When a site has no other option available – i.e., no electrical power for blowers, compressors or pumps – cascade aerators can increase the DO levels of an aquaculture volume. The ‘whole idea’ is to employ gravity to break a water column (flow) into as many droplets as possible, as many times as possible, which greatly increases the surface area in direct contact with the atmosphere (21% Oxygen). There is nearly an infinite number of ways to accomplish this. Below are but a few examples.
(click image to enlarge)
In addition to aerating the biofilter drainage following irrigation events, it would also be possible to aerate the grow-out tank/pool volume without the water passing thru the sand (any hour of the day/night if desired). Pour/move water onto the top of the cascade directly by whatever means is available.
Also, do try to shade the cascade from direct sunlight. This reduces evaporation ‘loss’ and heat gained by the water.
Further, even with access to electrical energy for aeration, adding a cascade can increase DO saturation and/or reduce your energy bill.
Cascade Aerators – a cascade aerator consists of a series of steps that the water flows over. In all cascade aerators, aeration is accomplished in the splash zones. The aeration action is similar to a flowing stream. Splash areas are created by placing blocks across the incline. They are the oldest and most common type of aerators.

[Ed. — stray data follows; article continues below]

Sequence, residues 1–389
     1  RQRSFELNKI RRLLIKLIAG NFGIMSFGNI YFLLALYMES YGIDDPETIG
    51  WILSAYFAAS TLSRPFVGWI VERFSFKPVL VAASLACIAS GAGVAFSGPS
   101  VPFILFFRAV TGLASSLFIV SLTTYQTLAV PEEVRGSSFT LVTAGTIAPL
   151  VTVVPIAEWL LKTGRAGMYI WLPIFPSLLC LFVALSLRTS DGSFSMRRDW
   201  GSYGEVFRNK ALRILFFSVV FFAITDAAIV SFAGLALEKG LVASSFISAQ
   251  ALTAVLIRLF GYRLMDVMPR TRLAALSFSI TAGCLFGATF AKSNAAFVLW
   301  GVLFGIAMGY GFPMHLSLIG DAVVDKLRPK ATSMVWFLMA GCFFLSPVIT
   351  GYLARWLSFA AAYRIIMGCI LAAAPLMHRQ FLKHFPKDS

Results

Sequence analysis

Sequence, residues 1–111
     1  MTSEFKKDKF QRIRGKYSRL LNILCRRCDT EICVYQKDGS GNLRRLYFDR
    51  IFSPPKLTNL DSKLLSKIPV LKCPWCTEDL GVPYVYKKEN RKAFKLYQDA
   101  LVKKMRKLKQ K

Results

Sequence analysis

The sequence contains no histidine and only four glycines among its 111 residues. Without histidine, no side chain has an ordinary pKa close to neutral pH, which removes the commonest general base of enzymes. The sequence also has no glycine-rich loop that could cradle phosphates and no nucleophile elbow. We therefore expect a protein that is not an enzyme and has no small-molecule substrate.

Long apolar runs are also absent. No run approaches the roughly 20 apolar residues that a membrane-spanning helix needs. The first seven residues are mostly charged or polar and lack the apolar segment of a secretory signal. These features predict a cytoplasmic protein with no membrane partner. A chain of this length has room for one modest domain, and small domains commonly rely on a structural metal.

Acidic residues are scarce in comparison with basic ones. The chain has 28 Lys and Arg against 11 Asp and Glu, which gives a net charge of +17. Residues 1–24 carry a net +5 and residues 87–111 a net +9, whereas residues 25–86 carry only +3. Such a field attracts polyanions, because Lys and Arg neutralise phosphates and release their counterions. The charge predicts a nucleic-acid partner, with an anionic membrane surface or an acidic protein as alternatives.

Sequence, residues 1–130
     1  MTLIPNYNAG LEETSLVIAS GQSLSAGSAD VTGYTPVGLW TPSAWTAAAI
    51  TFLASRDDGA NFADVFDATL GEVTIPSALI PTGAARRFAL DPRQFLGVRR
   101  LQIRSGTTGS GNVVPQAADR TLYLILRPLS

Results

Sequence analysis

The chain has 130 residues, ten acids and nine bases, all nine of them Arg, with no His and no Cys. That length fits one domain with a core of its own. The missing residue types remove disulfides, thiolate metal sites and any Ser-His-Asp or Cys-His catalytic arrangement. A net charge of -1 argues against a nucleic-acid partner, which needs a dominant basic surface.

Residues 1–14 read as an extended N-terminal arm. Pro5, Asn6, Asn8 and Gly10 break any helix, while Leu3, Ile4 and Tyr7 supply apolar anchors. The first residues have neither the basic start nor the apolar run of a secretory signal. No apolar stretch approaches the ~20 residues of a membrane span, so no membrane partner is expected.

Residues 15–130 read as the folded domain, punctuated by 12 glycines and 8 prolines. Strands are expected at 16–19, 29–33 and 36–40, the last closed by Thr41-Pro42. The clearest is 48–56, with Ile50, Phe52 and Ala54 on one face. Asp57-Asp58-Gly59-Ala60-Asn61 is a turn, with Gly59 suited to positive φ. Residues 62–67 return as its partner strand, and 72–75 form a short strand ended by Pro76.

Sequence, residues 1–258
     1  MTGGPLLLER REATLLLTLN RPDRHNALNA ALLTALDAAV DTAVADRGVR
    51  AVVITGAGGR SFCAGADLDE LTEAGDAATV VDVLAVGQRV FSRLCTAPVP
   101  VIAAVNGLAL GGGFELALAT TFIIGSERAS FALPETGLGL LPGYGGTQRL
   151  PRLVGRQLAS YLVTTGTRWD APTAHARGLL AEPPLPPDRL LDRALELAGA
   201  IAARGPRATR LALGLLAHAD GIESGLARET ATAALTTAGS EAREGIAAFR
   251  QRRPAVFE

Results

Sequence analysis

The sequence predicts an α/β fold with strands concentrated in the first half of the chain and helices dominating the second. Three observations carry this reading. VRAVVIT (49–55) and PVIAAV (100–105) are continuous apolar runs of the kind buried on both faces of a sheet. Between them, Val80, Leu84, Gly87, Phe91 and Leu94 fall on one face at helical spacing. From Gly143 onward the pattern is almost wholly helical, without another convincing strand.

Cone Aerators Cone aerators are used primarily to oxidize iron and manganese from the ferrous state to the ferric state prior to filtration. The design of the aerator is similar to the cascade type, with the water being pumped to the top of the cones and then being allowed to cascade down through the aerator.
Slat and Coke Aerators The slat and coke trays are similar to the cascade and cone types. They usually consist of three-to-five stacked trays, which have spaced wooden slats in them. The trays are filled with fist-sized pieces of coke, rock, ceramic balls, limestone, or other materials. The primary purpose of the materials is to provide additional surface contact area between the air and water.”
Open channel Low-Profile Cascade Aerator
Stepped Cascade, Cone and Stack types mentioned here
Pooled Stepped Cascade design parameters (technical) True, this technique is ‘powered’, but some of the same principles apply.